I was reading through the New Testament letters recently, and it struck me that the prayers Paul (and Peter and John) pray for the newly founded churches would also be amazing things to pray over kids growing in faith.
I’m a terrible typist, and a lot of the time autocorrect aids and abets my stupidity.
Most recently, it disagreed with me about my friend’s daughter’s name. My dear friend was blessed with a beautiful daughter she named Taryn, and as you would expect, absolute flurries of texting ensued. But it seemed that no matter how I typed “Taryn,” auto correct morphed it into “Terrible.”
As in, “What a beautiful pic of Terrible! What a doll!”
Or, “How did Terrible sleep last night?”
One thing you DON’T want to call your BFF’s beloved adopted infant is Terrible. (Good thing my sweet friend is so understanding!) Because of this, I began to notice other funny goofs autocorrect and I were making together:
One of the top New Year’s resolutions on every Christian’s list is to spend more time with God. We want to improve the quantity or the quality of our devotional time—or both!
I know it’s one of my top resolutions every year… and it will be until I die. We can never spend too much time with God, or focus on Him too closely! But we can (and should) feel satisfied after our devotional time with Him. We should feel full of His peace and presence, and ready to tackle what’s next.
Of course, our enemy wants to pull us away from any close time with God. He throws anything he can in our way… especially those whirling negative thoughts that I call Spiritual Clutter. Unfortunately for him, we can use a little organization to clear out the mess in our heads and make room for God’s peace.
This summer, my teen son wanted to pursue a goal. He made a great plan and decided to work on it for 15 minutes each day.
I wanted to encourage him, so I offered to help him set up some reminders. “Do you want me to print out a calendar so you can mark off each day?” I asked hopefully. “Or would you like me to buy you a little planner so you can keep track of what you’ve done? Do you want to start the process today?”
I will never forget your precepts, for by them you have preserved my life.
Think it through
It took me an embarrassingly long time to read every word of the Bible. I started in elementary school with Genesis 1:1, gung-ho and ready to go, only to lose it in Numbers. In middle school, I started again and was out by Judges; in High School, by II Chronicles. In college I started a “Read the Bible in One Year” plan and fell hopelessly behind by the end of March.
My “big present” last Christmas, the gift my husband and kids chipped in to get me, was a Natural Daylight Alarm Clock. (If you’re not familiar with these, they are cool.*)
This clock is really helping me get up in the morning, something I’m not so good at doing! The box said that it works with your body’s natural rhythms, and I think it truly does. The light slowly gets brighter and brighter until my alarm “goes off” with the sounds of chirping birds. I didn’t think the birds would be enough to wake me (I’m the kind of person who incorporates the song playing on a radio alarm into my dreams), but the light has me all primed to wake up and my eyes open at the first little chirp.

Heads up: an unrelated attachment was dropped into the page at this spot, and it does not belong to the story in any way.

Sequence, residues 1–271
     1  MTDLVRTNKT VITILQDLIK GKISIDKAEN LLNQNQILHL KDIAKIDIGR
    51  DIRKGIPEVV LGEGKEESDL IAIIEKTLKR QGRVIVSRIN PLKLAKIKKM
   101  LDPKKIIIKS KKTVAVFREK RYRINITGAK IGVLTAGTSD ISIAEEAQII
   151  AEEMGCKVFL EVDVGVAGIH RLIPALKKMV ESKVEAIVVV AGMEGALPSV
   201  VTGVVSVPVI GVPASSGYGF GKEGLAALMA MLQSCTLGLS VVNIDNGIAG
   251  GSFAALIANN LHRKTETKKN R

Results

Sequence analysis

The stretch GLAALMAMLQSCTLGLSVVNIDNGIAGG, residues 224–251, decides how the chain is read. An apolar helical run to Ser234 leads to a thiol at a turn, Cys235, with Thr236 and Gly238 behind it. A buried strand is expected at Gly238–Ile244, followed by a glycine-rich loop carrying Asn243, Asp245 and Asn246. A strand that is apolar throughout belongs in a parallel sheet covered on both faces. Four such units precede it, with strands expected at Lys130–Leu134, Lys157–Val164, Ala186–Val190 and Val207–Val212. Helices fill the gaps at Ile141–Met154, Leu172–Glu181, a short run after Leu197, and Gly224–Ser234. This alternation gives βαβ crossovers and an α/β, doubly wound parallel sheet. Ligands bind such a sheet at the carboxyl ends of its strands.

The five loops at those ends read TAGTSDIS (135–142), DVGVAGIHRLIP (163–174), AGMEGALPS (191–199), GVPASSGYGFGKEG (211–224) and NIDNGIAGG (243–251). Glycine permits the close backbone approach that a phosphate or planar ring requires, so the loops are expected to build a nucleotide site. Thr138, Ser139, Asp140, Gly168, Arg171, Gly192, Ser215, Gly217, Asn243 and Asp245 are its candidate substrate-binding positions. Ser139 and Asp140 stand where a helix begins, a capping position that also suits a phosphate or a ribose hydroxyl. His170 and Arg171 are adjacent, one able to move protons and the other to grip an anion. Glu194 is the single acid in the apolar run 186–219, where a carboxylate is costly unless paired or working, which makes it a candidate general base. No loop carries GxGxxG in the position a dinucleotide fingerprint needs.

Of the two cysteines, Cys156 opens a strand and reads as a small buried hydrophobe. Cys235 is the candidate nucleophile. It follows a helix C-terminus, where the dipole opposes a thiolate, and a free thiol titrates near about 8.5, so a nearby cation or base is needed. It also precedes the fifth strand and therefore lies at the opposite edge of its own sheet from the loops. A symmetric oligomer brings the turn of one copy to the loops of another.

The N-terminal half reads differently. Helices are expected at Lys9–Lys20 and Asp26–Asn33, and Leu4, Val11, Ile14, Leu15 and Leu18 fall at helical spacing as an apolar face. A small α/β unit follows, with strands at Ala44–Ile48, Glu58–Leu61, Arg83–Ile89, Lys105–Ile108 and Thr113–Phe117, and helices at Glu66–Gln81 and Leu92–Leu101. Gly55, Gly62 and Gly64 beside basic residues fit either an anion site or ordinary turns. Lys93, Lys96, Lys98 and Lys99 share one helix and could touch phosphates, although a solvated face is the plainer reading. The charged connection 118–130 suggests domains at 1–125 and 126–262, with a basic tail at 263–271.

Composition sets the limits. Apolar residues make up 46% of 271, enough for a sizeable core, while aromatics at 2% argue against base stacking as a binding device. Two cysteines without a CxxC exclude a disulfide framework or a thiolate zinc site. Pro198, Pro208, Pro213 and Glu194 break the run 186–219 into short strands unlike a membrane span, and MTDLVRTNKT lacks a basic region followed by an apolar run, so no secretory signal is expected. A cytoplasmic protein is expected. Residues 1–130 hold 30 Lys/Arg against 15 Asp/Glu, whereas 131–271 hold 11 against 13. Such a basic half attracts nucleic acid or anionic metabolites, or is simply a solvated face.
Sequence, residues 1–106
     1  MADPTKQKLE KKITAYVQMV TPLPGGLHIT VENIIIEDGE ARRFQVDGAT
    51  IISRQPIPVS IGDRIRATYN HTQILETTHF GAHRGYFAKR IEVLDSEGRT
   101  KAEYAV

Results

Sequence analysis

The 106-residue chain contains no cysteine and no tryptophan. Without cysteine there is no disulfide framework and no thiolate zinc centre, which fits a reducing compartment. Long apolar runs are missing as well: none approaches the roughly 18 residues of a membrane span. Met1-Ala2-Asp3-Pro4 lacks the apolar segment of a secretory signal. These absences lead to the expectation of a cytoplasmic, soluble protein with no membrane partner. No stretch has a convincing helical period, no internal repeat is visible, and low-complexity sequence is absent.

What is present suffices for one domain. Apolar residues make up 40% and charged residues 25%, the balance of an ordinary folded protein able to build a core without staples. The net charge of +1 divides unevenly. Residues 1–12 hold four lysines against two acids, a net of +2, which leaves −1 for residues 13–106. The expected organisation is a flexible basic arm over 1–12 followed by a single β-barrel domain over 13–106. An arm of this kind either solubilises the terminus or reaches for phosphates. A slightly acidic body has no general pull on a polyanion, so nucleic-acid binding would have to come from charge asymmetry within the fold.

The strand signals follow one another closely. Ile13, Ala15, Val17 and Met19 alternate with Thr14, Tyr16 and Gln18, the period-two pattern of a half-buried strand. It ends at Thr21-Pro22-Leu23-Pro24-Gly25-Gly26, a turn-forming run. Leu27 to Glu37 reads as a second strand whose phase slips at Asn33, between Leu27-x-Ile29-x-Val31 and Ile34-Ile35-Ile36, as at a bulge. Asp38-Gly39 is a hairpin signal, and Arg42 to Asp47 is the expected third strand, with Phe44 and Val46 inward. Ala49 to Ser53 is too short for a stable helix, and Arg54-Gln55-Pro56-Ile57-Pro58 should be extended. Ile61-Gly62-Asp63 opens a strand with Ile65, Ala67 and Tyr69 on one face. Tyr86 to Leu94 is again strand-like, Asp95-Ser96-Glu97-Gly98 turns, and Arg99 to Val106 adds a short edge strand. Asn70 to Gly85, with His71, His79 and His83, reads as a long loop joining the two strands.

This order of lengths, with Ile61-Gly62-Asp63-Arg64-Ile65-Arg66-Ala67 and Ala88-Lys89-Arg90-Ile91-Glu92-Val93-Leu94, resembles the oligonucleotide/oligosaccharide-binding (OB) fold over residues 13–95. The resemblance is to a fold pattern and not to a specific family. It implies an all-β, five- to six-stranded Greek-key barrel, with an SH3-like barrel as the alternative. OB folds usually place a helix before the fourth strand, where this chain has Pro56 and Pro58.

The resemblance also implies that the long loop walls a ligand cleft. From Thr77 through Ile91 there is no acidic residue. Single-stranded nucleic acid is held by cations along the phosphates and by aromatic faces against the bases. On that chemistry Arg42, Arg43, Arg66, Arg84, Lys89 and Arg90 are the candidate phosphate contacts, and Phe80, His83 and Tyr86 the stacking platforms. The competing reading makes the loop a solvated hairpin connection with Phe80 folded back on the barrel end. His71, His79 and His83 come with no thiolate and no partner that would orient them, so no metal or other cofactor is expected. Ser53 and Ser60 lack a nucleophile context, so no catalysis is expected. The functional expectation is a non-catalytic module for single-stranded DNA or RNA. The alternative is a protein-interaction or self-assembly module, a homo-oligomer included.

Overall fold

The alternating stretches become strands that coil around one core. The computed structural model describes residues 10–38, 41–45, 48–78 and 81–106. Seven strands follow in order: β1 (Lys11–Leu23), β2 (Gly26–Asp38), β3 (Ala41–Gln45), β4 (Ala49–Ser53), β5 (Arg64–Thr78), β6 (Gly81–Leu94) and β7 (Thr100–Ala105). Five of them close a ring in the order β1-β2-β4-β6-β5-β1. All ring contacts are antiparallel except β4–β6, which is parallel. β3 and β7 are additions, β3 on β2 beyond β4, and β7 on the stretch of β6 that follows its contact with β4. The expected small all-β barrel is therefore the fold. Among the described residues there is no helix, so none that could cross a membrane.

When I wake up to the warm light and the sound of birds chirping, I feel like Cinderella.
“Martha, Martha,” the Lord answered, “you are worried and upset about many things, but few things are needed—or indeed only one.”
So, we cleared up in Part One that Martha absolutely should have put down her cleaning supplies and sat at the feet of Jesus with Mary. Mary chose the best thing, and we want to, as well—so we intentionally choose to enjoy quiet time with God every day.
But we know that even if Martha had been able to forget her chores and choose to be with Him, the chores would still be waiting. I have to wonder what would’ve happened if Martha had been able to do some of her chores and lean on the Lord at the same time.
“Mary has chosen what is better, and it will not be taken away from her.”
I identify way too much with Martha of Martha-and-Mary fame. If you don’t know their story, then you can read about these lovely ladies in Luke 10. It’s a true story about two ladies, their chores, and their Lord.
Mary decided to stop doing her chores in order to sit at Jesus’ feet. She made herself be still, just soaking up Jesus’ presence and learning what He was trying to teach her. I truly admire Mary. She chose the best thing. Martha didn’t.
Like me, Martha was distracted by the need to do the chores. I’m sure she felt even more driven after Mary opted out—no wonder she was worried and upset!
Six days you shall labor and do all your work, but the seventh day is a sabbath of the LORD your God…
By the time we hit the seventh day of the week, going church can feel like a “have to” rather than a “get to.” We’ve all woken up on a Sunday morning wishing we could stay in bed—but shouldn’t going to church be considerably more refreshing than an hour’s extra sleep?
God didn’t call Sunday a day of rest for nothing. The Sabbath isn’t about “not doing work” (at least not entirely—you can check out what I have to say about that in this post), it’s about resting in His presence and care.
“Give, and it will be given to you. Good measure, pressed down, shaken together, running over, will be put into your lap. For with the measure you use it will be measured back to you.”
Have you ever dropped the ball on a friendship? A friend asks to spend time with you, but you forget to return their email. Their texts go unanswered. Soon they stop reaching out to you, and then it feels almost embarrassing to reach out to them…